I love the new modern patchwork quilt designs with improvisational piecing and simple, clean lines. And I'm not alone: these graphic, contemporary quilts with off-kilter blocks and wide expanses of solid colors appeal to a wide range of quilt artists.
But while the look of these quilts is simple (and stunning), the improvisational piecing can intimidate some quilters—from those who've never pieced before to experienced patchwork quilting piecers who have long relied on tried-and-true mathematical formats.
|Jacquie's 'Sea Glass' quilt uses log cabin
patchwork blocks and panel construction.
From Modern Quilting.
In their new book Quilting Modern: Techniques and Projects for Improvisational Quilts, authors Jacquie Gering and Katie Pedersen encourage readers to embrace the rules of traditional quilting so they can bend them with more confidence.
The authors also encourage would-be improvisational quilters to ask "what if?", embrace happy accidents, and prepare to fail—it's the only way to grow.
But if the thought of improvisational piecing makes you feel like you're walking the high wire without a net, Jacquie and Katie have you covered. They recommend establishing parameters for your improvisational patchwork blocks. Parameters provide freedom within structure, they say.
Here is an excerpt of some of their tips:
Use Magic Numbers. Perhaps you want to use different-sized blocks in your quilt, but you're not ready to move to anything-goes block sizes, or no blocks at all. Try this system of using block sizes that will fit together automatically for flexibility in design.
For example, the combination of 3" (7.5 cm), 6" (15 cm), and 12" (30.5 cm) finished sizes is an example of what we call magic numbers. Blocks with sides in those three sizes, even rectangular blocks, will fit together without alteration and allow for many possible arrangements (fig. 1). Use block sizes that fit together without alteration.
|The Magic Number method
Choose a Block Size Visually. Tape a block's area on your design wall and work within the taped perimeter. Sometimes it's easier to visualize a design in a confined area.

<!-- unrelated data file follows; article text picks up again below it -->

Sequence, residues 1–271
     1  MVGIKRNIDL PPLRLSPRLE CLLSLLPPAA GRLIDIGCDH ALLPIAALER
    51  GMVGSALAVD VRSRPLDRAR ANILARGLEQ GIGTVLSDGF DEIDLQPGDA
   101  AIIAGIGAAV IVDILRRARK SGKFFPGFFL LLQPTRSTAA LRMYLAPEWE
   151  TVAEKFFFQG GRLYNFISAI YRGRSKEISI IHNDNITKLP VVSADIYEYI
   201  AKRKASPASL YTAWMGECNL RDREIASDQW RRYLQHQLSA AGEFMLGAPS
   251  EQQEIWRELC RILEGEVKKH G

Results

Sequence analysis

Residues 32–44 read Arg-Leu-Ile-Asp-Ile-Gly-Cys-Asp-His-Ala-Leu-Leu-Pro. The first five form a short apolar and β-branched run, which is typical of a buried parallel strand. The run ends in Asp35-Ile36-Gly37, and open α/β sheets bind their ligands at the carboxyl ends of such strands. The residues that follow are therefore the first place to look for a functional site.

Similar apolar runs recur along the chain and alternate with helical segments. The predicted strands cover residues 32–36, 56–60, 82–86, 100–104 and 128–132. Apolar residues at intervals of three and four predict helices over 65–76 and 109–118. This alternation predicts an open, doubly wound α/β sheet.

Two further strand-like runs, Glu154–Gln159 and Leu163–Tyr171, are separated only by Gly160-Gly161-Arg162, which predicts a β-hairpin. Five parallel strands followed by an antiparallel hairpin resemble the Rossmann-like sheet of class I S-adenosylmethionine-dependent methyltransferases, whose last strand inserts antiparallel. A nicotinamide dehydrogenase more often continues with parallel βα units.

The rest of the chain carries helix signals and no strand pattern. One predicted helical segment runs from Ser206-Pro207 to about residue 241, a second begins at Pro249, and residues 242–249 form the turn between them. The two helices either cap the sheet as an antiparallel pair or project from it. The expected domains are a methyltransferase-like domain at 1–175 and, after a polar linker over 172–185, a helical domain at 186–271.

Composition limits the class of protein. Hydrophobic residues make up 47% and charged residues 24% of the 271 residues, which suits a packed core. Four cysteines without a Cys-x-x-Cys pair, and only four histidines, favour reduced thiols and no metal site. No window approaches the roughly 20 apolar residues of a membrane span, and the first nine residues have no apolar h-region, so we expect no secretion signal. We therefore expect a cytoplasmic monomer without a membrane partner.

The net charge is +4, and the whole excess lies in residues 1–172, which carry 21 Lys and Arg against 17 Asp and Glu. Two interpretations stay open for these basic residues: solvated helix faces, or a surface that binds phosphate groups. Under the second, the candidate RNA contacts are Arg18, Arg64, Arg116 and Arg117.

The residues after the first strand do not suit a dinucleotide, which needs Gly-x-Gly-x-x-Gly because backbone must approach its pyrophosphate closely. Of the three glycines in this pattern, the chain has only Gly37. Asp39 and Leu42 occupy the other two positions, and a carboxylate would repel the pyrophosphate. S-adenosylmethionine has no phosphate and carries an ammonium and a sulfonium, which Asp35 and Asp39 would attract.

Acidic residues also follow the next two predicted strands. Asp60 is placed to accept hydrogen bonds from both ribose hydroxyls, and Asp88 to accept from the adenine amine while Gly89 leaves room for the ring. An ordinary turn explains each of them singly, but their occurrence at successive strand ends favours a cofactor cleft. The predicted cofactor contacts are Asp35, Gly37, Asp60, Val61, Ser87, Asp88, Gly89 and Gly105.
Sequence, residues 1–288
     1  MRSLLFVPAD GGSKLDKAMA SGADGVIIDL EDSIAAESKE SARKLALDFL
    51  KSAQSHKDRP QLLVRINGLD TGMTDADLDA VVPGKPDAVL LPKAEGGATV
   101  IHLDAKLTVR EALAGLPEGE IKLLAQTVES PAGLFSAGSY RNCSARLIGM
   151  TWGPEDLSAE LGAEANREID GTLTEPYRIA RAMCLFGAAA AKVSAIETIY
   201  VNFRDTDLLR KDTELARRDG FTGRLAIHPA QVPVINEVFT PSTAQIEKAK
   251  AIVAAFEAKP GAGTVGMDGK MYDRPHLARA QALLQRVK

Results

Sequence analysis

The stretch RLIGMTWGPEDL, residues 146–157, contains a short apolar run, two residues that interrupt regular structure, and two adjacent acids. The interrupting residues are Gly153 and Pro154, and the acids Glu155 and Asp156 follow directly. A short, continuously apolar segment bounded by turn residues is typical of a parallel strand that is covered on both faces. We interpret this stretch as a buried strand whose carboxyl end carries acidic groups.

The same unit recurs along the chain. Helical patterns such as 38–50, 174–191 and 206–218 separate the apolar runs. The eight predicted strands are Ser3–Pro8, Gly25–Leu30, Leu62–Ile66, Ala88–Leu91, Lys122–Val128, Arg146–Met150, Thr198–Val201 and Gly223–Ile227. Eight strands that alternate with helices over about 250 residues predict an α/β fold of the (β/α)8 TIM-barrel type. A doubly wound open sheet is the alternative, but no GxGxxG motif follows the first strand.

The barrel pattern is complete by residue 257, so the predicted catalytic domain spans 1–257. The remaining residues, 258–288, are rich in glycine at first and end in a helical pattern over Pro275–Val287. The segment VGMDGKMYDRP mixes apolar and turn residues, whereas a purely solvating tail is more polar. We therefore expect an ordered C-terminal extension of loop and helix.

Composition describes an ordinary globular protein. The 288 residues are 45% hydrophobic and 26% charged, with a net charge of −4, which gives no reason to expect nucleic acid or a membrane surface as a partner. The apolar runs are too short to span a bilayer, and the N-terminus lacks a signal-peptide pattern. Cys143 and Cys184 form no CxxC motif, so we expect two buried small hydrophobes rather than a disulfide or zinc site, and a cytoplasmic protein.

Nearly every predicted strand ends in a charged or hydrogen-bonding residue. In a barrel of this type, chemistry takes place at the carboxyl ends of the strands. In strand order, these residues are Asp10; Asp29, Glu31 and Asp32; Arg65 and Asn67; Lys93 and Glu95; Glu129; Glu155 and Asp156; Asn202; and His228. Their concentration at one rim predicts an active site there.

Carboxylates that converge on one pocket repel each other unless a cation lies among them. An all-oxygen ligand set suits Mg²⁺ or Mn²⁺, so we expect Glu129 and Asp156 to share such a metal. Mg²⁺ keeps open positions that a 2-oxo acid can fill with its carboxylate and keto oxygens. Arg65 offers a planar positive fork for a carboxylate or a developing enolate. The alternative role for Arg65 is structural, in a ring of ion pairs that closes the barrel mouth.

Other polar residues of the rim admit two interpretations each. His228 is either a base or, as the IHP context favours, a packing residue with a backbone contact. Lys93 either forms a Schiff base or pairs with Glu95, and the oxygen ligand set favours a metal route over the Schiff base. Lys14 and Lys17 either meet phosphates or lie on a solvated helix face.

Work Outside of the Block Structure. Quilts don't have to have blocks of the same size or even have blocks at all. Tape out the estimated finished size of the quilt you want to make and work within that area.
Paneling. Blocks of different sizes are fun to make, but putting them together may present a dilemma. What we call paneling is one solution. With paneling, blocks look randomly placed when sewn together, but have an underlying structure. The first step in paneling is to tape out a structure on the design wall and then place the blocks into the taped panels. The size of the panels can be adjusted to accommodate the blocks as long as the panels ultimately form squares and rectangles that can be sewn together easily.
Begin by placing blocks along the panel edges, then move the blocks until you are satisfied. In fig. 2, we grouped seven blocks of varying sizes into panels, then assembled the panels to make the larger patchwork piece.
|The Paneling method of piecing.
After you've placed the blocks, look to see where you need to add background fabric to create sections that can be sewn together. Assemble the blocks into squares and rectangles that fit together like a puzzle. The tape acts as a boundary for measuring and calculating background additions. Be aware of loss from seam allowances; multi-block layouts will shrink significantly as you sew them together. Construct the panel a bit larger than necessary and trim it to the finished size plus ¼" (6 mm) seam allowance all around. If your piece is too small, add to it; too large, trim to size.
There are so many patchwork projects and quilt patterns in Quilting Modern that I want to try. Quilters of all skill levels will find something to suit them, and Jacquie and Katie are there to guide you at every step.
P.S. Have you tried improvisational piecing? How has it worked out for you? Leave any tips or suggestions in the comment section below.